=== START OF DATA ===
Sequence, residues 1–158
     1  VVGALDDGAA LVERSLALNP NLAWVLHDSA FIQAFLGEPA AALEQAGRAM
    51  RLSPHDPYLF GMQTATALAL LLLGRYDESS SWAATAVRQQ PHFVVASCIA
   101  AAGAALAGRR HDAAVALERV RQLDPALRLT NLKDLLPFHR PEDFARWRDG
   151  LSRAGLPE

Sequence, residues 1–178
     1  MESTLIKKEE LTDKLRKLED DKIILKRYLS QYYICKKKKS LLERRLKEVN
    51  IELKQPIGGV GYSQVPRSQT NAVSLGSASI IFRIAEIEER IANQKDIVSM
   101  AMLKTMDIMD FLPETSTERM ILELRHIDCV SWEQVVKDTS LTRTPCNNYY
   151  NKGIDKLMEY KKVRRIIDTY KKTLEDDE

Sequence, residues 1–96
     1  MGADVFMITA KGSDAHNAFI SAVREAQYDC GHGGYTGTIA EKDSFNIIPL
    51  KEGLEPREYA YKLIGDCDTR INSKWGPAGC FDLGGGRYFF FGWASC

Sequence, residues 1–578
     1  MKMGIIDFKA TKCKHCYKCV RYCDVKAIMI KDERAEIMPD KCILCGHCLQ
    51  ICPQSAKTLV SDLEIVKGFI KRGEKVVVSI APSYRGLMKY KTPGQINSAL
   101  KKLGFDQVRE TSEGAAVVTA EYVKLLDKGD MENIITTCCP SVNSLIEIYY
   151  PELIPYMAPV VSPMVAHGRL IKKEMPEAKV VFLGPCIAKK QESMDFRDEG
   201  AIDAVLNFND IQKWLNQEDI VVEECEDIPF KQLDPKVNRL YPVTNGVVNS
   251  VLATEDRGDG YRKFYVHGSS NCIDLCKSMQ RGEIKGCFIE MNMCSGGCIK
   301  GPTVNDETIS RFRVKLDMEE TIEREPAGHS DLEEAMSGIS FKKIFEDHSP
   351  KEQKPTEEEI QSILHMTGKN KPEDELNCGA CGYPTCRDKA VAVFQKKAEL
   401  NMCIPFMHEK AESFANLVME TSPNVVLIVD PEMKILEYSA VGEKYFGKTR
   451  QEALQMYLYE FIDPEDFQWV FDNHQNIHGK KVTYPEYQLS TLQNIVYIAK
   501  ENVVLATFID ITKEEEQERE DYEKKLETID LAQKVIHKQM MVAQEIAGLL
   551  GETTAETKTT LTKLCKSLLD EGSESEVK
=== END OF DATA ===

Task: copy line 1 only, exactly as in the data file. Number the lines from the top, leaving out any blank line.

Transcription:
Sequence, residues 1–158